A Mega Project Begins
The first day of the Nepali New Year 2073 was an occasion for two cheers for the residents of Pokhara, in particular, and all the Nepalese, in general. This is because this day heralded a new year which they hoped would not be like the past year that remained rather unhappy due to a devastating earthquake that hit the country early on followed by the protracted Madhes agitation and an unofficial economic blockade by India in the wake of the promulgation of the new constitution by the Constituent Assembly in September. It’s also because Prime Minister KP Sharma Oli laid the foundation stone to build the Pokhara Regional International Airport in the western tourist town in the presence of Maoist leader chairman Pushpa Kamal Dahal and Nepali Congress General Secretary Shashank Koirala along with his deputies Bijay Gachchhadar and Kamal Thapa.
The Rs. 22 billion project, to be executed by China’s CMC Engineering Company with the financial support of Exim Bank of China and planned to be completed in the next four years, reflects the Nepali people’s long-held dream of development and prosperity. The second international airport to spread over 3,735 ropanis of land in ward No. 14, 15 and 16 of Pokhara Sub-Metropolis is one of the several mega projects Nepal is going to implement in the next few years. They include, among others, Lumbini Airport, Nijgadh Airport, mid-hill highway and east-west railway. During Prime Minister Oli’s recent visit to China, the northern neighbour had agreed to extend the Chinese railway to Lumbini via Kerung, and connect Kathmandu with Pokhara.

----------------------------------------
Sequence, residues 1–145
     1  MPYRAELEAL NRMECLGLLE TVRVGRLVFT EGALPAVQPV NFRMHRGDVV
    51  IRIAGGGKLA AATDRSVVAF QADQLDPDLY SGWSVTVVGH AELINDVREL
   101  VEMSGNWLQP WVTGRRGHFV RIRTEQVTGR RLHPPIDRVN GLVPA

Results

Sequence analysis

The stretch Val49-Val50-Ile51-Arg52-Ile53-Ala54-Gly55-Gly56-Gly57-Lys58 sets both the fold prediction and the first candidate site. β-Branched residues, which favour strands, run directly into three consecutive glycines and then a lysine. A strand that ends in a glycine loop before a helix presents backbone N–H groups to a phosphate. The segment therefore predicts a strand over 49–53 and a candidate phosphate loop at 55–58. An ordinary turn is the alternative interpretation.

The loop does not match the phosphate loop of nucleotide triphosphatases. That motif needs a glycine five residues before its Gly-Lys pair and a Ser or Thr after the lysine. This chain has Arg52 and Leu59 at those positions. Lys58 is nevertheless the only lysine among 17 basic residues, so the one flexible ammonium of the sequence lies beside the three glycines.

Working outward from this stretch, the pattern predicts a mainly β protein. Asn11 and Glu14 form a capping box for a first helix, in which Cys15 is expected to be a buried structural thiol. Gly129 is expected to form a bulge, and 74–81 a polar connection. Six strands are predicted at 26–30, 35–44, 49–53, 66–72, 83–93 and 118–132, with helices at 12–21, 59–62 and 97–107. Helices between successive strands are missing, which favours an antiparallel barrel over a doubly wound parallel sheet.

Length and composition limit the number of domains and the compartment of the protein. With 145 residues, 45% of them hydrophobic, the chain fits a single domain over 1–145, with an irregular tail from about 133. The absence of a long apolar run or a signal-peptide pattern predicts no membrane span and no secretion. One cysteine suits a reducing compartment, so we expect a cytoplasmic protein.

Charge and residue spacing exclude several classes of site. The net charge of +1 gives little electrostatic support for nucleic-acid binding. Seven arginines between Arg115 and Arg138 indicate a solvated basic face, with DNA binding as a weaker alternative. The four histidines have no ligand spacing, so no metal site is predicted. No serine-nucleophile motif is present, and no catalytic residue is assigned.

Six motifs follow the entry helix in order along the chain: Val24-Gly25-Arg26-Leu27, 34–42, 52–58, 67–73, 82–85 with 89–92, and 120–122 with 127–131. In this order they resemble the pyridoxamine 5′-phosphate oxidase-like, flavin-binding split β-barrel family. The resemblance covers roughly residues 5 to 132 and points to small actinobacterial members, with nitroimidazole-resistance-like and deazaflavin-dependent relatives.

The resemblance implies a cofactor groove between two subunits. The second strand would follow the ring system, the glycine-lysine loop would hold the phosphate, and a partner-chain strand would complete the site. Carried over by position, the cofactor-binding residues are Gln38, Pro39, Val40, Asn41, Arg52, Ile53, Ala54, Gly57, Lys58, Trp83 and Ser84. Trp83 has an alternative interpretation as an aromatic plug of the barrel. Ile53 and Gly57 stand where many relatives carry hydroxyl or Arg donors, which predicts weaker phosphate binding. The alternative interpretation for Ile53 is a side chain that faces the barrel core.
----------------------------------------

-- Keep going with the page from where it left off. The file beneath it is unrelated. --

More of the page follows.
It’s been long since the Nepalese have heard of projects which can make a real difference in their lives. Such projects never materialised in the past because the political parties and the successive governments talked about them on and off only for political gains and public consumption. So the Nepalese people’s dream for prosperity has always remained a far cry thanks to the flippancy on the part of the political forces regarding the country’s development and inaction on the part of the successive governments, which shelved the projects initiated by the earlier governments to serve their short-term interest. This situation is not likely to change unless all the parties work in unison to build key infrastructure to give the country a facelift. Against this backdrop, it’s heartening to know that the major ruling parties and the main opposition came together during the foundation laying ceremony for the construction of the Pokhara International Airport. The political parties seem to have finally realised that politics in development works is not in the long-term interest of the nation, neither is it in their own interest.
It’s beyond doubt that the construction of the second international airport would give impetus to the economic development of not only Pokhara but also the entire country. It will serve as an alternative airport in case of an emergency and further boost Pokhara’s image as a tourist city. It will also serve as a gateway to bring in more tourists to the country and earn more foreign currency. The construction of the Pokhara international airport has indeed unlocked the development potential of all regions – Terai, hills and mountains of Nepal. It has raised hope among the people that the political parties are now ready to make collective efforts for the development of the country. However, the Madhes-based parties have shown reservation over some provisions in the new constitution and are preparing to begin another round of protests to get their grievances addressed. They need to understand that a large majority of people, including the Madhesis themselves, are not in favour of yet another political movement. So they should respond to the government’s call for dialogue to resolve their differences and work together with other political forces for the advancement of the country rather than engage in agitation and protests aimed at destabilising the nation and hampering development.
Surya Nath Upadhyaya is a member of the Eminent Persons’ Group (EPG) from Nepal’s side. The EPG has a two-year term, and it has already spent...